Mike Rice discusses tackling human error in oil & gas drops prevention
Oil & gas personnel are highly trained and diligent, but occasionally, even the most experienced personnel can make an oversight during daily operations. In this industry, however, the consequences of a potential error can sometimes be severe, incurring significant costs in lost production, environmental harm, damaged equipment or injury to personnel. This can, in turn, risk the hard-won reputations built up by energy companies over decades.
Dropped objects, or drops, are a key example of where tackling human error can make a substantial difference to safety. Drops occur when an object, such as a tool or fitting, falls due to being knocked, dropped or under its own weight, striking personnel or equipment. DROPS data shows that around two-thirds of drops are ultimately due to human error.
Drops prevention aims to significantly reduce the likelihood of certain errors occurring. Key to this is educating personnel, taking steps to improve processes, and using technology to take humans out of the equation where possible.
There are four key tools, drawn from drops prevention, that oil & gas operators can use to mitigate human error and make their operations safer.
Apply The Hierarchy Of Controls
The hierarchy of controls is used by health and safety professionals to prioritise key control measures taken to mitigate and prevent incidents. In drops prevention, the hierarchy of controls is used first to reduce the possibility of drops occurring (elimination), and secondly, to reduce the impact of drops (mitigation).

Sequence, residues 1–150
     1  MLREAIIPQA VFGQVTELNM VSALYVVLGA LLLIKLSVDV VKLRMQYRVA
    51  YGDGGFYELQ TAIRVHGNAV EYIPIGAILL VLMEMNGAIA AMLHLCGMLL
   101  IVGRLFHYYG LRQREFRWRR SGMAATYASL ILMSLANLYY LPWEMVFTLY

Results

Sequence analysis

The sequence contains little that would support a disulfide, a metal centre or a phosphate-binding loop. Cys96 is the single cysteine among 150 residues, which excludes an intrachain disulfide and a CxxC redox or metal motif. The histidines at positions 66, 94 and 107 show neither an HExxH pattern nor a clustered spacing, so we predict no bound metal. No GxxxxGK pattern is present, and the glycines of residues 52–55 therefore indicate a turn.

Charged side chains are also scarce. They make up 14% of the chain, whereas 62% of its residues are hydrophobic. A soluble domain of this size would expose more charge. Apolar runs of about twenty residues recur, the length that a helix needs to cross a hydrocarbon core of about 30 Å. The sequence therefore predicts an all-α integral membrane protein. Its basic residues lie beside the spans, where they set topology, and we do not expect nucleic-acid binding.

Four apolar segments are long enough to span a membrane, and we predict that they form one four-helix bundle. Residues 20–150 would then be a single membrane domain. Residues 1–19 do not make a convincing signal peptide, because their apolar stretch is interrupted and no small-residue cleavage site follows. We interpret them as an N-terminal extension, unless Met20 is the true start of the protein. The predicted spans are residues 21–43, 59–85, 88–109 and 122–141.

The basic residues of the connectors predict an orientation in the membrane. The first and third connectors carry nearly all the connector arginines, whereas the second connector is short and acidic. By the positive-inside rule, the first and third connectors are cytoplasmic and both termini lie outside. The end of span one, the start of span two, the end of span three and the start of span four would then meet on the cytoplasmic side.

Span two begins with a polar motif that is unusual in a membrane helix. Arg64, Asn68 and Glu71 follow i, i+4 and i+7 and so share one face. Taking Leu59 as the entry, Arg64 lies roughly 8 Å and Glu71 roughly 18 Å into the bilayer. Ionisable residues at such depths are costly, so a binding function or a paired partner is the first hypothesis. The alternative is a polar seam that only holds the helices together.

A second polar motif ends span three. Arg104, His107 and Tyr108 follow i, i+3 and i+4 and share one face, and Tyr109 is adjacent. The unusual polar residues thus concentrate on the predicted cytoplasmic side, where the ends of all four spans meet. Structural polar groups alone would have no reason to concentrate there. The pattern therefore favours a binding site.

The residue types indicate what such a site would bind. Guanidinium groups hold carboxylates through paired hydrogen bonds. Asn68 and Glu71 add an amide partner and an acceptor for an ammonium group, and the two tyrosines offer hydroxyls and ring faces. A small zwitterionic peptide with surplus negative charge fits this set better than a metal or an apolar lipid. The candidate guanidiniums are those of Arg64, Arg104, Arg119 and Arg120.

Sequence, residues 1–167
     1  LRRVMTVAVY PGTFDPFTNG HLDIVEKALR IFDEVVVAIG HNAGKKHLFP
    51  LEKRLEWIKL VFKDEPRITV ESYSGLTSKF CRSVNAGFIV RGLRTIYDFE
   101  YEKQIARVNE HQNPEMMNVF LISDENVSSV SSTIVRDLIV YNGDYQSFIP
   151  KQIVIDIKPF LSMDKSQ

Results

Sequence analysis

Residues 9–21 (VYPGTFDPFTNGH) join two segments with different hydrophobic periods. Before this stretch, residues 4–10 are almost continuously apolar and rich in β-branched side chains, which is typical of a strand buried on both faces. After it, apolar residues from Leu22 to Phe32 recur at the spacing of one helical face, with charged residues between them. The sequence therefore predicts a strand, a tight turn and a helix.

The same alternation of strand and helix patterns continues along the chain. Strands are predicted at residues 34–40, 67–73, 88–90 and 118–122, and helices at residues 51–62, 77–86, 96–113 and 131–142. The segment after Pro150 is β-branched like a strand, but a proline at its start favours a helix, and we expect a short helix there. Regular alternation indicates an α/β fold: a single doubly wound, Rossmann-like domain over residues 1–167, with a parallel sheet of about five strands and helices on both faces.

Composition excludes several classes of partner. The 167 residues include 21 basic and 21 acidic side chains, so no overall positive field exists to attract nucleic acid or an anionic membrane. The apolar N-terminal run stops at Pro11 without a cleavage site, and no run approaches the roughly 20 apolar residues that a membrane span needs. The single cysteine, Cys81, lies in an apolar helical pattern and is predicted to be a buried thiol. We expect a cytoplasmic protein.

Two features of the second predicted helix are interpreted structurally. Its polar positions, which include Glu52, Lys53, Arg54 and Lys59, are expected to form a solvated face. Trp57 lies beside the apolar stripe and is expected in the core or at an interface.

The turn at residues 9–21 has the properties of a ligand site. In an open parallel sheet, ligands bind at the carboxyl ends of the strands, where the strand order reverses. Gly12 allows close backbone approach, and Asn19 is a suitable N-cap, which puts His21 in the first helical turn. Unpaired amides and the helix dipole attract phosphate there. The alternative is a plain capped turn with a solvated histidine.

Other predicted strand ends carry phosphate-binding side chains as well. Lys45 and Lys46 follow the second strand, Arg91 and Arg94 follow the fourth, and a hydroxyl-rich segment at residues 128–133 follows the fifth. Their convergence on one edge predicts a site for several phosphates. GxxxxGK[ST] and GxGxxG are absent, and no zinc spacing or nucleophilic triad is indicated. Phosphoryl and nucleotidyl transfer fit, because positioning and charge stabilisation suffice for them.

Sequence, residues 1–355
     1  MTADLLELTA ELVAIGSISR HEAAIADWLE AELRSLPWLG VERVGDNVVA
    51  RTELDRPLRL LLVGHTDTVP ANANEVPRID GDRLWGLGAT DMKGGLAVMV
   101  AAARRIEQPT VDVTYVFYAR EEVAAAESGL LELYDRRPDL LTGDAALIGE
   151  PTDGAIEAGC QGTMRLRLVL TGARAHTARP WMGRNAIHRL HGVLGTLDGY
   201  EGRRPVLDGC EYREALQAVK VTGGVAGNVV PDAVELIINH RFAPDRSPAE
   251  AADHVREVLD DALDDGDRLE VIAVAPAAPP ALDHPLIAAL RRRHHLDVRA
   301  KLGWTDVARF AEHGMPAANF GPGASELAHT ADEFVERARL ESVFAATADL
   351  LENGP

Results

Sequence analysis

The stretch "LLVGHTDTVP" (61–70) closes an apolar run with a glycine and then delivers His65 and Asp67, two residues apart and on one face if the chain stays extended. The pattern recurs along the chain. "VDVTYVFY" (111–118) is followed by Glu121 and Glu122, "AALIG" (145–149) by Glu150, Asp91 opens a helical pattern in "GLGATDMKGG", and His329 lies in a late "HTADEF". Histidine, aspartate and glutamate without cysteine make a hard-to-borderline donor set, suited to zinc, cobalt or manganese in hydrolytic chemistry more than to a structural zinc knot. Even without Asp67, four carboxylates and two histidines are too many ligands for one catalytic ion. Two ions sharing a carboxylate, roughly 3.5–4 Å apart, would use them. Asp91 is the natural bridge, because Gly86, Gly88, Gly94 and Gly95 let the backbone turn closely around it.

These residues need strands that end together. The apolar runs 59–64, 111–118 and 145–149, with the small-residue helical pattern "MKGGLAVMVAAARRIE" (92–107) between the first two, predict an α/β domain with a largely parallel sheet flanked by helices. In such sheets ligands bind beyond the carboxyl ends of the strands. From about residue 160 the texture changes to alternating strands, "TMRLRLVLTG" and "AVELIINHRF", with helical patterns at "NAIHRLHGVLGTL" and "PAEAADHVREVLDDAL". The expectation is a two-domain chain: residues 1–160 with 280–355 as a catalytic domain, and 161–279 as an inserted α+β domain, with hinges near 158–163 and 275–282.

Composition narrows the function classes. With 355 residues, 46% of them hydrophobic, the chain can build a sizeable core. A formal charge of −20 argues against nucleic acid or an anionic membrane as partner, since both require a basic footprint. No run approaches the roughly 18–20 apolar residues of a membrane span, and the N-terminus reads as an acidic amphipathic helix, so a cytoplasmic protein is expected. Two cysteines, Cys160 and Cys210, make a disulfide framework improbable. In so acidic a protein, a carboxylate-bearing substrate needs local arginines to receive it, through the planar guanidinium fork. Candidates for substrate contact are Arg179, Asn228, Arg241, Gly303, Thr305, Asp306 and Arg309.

There are five tiers of the hierarchy of controls, the first being elimination. This means removing the risk entirely – which includes identifying unnecessary operations and taking steps to minimise them. For example, lifting manoeuvres can be reduced by combining them where possible. Additionally, facilities can be designed to reduce the number of lifting operations needed.
Substitution is the second tier. Sometimes, removing a risk isn’t possible. In such cases, the hazard should be substituted with a less dangerous alternative. Fewer heavy lights could be used on a rig, for example.
The third tier is engineering controls. This includes measures taken to place physical barriers between risk areas and personnel. One example is safety securing nets that enclose fittings such as CCTV cameras to prevent them falling, should their fixtures come loose. Another is fitting solid barriers onto railings to prevent tools and other drops from falling through the gaps.
Administrative controls is the fourth tier. Examples of administrative controls to mitigate drops include no-go zones and toolbox talks, enforcing procedures and reducing human error.
The final tier is PPE. This is the last line of defence against drops, helping to minimise serious injuries and fatalities if personnel are struck by a falling object.
Education Is Key